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Let’s put the wheat board debate to bed

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I think for space purposes part of the throne speech highlights I wrote got cut off in today’s paper.

I had wanted to include Steven Fletcher’s response to Pat Martin’s comments about the Wheat Board.

Martin – and a few others I spoke to yesterday – were upset the Conservatives included a line about ending the Wheat Board monopoly in the speech from the throne. The speech was for the most part lacking any of the controversial issues from the Conservative platform, mentioning justice issues only in vague terms for example.

But they did include mention of the Wheat Board issue, which in Manitoba has been one of the more contentious between the MPs, and the provincial and federal governments, since the 2006 election.

Fletcher’s response was cut from the paper. He said to know where the people affected by the Wheat Board decision stand you only have to look at the results of the election in the prairies, where the Conservatives won 49 of 56 seats.

"It was very clear what our position was on the wheat board," said Fletcher. "The people the Wheat Board involves the most are farmers and every seat in the rural prairies is Conservative."

Fletcher has a point. You can’t use the election as a referendum on the wheat board but certainly you can use it to suggest there was no great uprising among prairie voters on the issue.

But what this says to me really is that the government needs to get back and hold a proper referendum among the wheat board farmers on the issue. For more than 2.5 years this issue has been clouded by mirky politicking and questionable claims.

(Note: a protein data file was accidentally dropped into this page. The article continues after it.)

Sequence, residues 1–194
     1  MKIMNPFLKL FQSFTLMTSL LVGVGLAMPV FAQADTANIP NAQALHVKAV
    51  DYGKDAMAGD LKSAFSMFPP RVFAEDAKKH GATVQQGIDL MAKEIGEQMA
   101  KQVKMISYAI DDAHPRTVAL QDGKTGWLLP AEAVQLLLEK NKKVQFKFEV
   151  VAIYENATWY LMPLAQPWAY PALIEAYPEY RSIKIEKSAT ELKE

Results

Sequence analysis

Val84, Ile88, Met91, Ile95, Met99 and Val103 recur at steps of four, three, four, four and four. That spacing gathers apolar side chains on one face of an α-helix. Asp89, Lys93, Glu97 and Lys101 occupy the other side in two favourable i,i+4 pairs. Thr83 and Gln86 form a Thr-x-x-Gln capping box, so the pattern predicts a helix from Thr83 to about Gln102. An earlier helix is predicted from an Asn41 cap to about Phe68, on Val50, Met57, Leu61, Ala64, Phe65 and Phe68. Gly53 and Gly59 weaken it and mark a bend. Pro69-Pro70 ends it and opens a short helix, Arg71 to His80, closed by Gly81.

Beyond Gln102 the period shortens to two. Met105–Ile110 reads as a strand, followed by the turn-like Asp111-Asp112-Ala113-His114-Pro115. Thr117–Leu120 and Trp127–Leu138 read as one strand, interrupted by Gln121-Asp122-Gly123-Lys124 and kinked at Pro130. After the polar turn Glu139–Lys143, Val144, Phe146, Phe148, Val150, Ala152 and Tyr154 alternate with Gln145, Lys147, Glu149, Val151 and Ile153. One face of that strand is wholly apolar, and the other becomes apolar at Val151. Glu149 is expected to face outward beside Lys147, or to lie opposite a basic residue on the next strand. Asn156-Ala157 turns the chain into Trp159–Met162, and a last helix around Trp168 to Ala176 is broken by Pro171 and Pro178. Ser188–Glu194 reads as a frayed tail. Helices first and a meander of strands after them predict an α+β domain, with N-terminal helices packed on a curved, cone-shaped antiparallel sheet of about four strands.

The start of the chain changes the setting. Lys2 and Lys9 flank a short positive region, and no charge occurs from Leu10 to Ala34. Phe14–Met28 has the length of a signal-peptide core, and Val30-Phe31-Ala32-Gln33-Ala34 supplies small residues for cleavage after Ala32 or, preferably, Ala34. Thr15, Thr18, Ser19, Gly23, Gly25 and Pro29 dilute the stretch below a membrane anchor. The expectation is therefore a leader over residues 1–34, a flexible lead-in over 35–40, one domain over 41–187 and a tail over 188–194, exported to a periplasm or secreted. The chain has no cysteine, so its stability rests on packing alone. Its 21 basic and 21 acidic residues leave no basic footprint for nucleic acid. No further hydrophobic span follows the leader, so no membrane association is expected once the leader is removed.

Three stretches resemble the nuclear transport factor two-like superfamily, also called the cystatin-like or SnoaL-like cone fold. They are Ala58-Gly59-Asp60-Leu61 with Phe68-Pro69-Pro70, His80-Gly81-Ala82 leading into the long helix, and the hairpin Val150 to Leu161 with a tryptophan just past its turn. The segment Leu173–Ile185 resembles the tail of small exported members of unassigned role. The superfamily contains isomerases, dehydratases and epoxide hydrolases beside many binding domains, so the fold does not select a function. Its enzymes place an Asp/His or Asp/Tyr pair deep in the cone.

There are a number of lobby groups pushing information on both sides. There have been court challenges, legislation, regulatory changes. Meanwhile farmers are left from one month to the next without knowing what might happen.

It’s a mess.

The government should immediately hold a proper referendum and end this divisive issue now. Ask farmers specifically whether they want the wheat board to have a monopoly or not. Yes or no. Not this three-way do you sort of kind of want a wheat board namby pamby business.

Then get on with implementing the results. If the government is so sure it has the backing of farmers it shouldn’t be afraid to ask the yes or no question. If the government doesn’t have the backing of farmers it shouldn’t be trying to eliminate the monopoly.

The government asked three questions on the last ballot but then added two of the answers together to say that many farmers wanted to end the monopoly. By that logic, the results of the last election should take the votes for the left-leaning parties and add them together and say the Conservatives didn’t win.

It doesn’t work like that and it shouldn’t.

I can also only imagine what uproar there would have been in the last Quebec referendum if there were three questions on the ballot – stay in Canada, leave Canada or a hybrid of the two.

It’s time to end the wheat board debate once and for all and let farmers get on with the business of growing high-quality food for Canadians and abroad, rather than worrying what kind of marketing system they’re going to have to use to sell their product.

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About Mia Rabson

Mia Rabson is a born and bred Winnipegger whose interest in politics seemed clear when she dressed up as Prime Minister Brian Mulroney for Halloween in the 7th grade.

Her interest in writing was no surprise to her parents, who learned early in Mia’s life that no piece of blank paper — or wall, for that matter — was safe in her hands.

She holds an honours BA in English from Queen’s University, a master’s degree in journalism from the University of Western Ontario, and has completed a political journalism fellowship in Washington, D.C. with the Washington Centre for Politics and Journalism.

Prior to working for the Winnipeg Free Press, Mia briefly worked for the Detroit News in the paper’s Washington bureau.

Mia joined the Free Press team in February 2001, and in April 2001 was appointed to the Manitoba legislature bureau. In December 2004, she was appointed bureau chief at the legislature. She became the newspaper’s parliamentary bureau chief/national reporter in Ottawa in January 2008.

In 2008 she was nominated for a Michener Award with a team of reporters from the Free Press for its coverage of the province’s child welfare system.

She counts reliving the invasion at Dieppe, France, with veterans of the failed Second World War expedition and overcoming her fear of heights to touch the Golden Boy statue atop the Legislative Building among her favourite experiences as a reporter.

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